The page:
WASHINGTON — "Advocacy Groups Blur Media Lines," thundered a recent Washington Post headline. "Some Push Agendas By Producing Movies, Owning Newspapers," blared the subhead.
To an increasing extent, advocacy groups are establishing new media outlets. As reported in the Post story, the US Chamber of Commerce now runs the Madison County Record in Illinois. The National Rifle Association has its own national radio show, and is considering buying its own radio stations. The National Threat Initiative is bankrolling a made-for-TV movie.
Expect to see a lot more of this, now that the Bipartisan Campaign Reform Act (BCRA) of 2002, a.k.a. McCain-Feingold, is in place. Just as that law spurred the creation of lots of "527 groups," BCRA will accelerate efforts by agenda-driven groups and individuals to get into the media business.
While the examples cited in the Post are not necessarily a direct result of BCRA, the logic of avoiding BCRA's stringent regulations by utilizing the press exemption loophole is nevertheless compelling. The press exemption applies to news media, provided they are not owned or controlled by any candidate, political party, or political committee.
BCRA bans soft money contributions to the national political parties, and restricts the ability of corporations (including non-profit corporations) and labor unions to run ads containing the names and/or likenesses of political candidates close to an election or a primary. Those are on top of a host of other limits, mainly passed under the 1974 Federal Election Campaign Act (FECA) Amendments, on politicians' ability to spend money on their campaigns and donors' ability to contribute.
When one thinks of the institution of freedom of speech, what usually comes to mind is freedom of political speech. But in America of all places, that institution is being chipped away. You are completely free to disseminate information on practically anything, except pornography, profanity, and political speech.
Freedom of speech not only means being able to say anything you want, but also being able to say it to as many people as you want. To reach a mass audience, the best tool at one's disposal is the existing media. Apart from being lucky enough to publish an opinion piece or get quoted by a friendly reporter, the only means of using the media is through paid advertisements. But politicians and interest groups are hamstrung by BCRA and FECA. They do not enjoy the same freedom of speech that owners and employees of the media enjoy.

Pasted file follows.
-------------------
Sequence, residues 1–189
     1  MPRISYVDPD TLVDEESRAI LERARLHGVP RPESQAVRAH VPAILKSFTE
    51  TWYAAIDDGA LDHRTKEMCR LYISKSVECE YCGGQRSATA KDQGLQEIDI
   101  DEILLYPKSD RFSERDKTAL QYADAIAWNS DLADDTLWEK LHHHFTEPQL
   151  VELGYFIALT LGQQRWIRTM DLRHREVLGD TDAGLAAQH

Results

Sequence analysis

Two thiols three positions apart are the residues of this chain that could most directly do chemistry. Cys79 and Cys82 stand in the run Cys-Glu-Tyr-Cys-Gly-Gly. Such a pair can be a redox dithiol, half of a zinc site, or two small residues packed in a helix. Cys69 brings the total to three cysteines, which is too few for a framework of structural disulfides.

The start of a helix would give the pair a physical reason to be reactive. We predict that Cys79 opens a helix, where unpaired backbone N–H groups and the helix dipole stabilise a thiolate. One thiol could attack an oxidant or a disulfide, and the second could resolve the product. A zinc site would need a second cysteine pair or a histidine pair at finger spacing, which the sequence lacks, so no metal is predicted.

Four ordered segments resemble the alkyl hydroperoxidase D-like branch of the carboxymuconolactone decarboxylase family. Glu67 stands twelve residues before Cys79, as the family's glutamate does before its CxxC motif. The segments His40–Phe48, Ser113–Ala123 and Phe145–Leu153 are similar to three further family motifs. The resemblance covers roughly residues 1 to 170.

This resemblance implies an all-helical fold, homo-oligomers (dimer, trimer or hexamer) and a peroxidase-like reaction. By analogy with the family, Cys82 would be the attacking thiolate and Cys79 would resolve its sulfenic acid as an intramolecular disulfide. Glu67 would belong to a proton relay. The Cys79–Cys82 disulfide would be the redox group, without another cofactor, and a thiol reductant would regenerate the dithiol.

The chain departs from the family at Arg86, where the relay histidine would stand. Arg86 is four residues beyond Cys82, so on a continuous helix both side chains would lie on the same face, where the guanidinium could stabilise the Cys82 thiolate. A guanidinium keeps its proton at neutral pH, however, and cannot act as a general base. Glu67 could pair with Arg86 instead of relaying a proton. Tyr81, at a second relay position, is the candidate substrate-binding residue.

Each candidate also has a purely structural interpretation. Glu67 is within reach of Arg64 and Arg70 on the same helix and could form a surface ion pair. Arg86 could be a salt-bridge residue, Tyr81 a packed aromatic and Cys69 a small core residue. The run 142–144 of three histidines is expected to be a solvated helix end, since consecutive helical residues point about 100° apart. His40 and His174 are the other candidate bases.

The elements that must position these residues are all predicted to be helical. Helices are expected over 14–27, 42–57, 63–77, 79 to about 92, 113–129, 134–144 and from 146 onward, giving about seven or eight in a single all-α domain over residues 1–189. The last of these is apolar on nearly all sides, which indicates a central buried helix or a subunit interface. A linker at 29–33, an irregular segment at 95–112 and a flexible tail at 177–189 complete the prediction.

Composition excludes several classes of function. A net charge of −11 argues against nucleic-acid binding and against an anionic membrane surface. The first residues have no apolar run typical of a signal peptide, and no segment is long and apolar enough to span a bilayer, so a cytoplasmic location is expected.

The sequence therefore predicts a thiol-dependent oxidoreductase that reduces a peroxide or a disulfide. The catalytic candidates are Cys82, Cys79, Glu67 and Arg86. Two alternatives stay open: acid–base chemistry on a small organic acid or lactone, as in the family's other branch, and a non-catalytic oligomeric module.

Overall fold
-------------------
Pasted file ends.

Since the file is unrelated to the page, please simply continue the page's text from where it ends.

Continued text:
So the logical alternative is to start your own media outlet. That gives you complete freedom to say anything you want, endorse or oppose any candidate, and spend as much money as you please in distributing your information. What you can't say in an ad, you can say in the very same newscast or in the very same newspaper.
Michael Moore, after all, produced what was essentially a two-hour anti-Bush campaign commercial while being subject to no campaign-finance restrictions whatsoever. At least one group filed a complaint with the Federal Election Commission, but to no avail, since the movie was deemed to fall under the press exemption.
There is a strong temptation by others to get into the act. The more that happens, the more demands there will be to plug this loophole.
Journalists generally have been champions of BCRA, but they certainly will not support any new legislation that could jeopardize their own ability to express their opinions. So it is conceivable that there will be efforts to legislate against media that are owned by groups and individuals deemed to have a political agenda.
But that would get very messy. Every owner of a traditional media outlet, every editor, every anchorman, every reporter, and every columnist has political viewpoints as well, which are often reflected in their work. So differentiating between what is advocacy and what is not would be exceedingly difficult.
BCRA demonstrates why freedom of speech (for non-journalists) is not as robust as it is often touted to be. If and when the campaign finance "reformers" start going after the media itself, it will be an even sadder day for the First Amendment.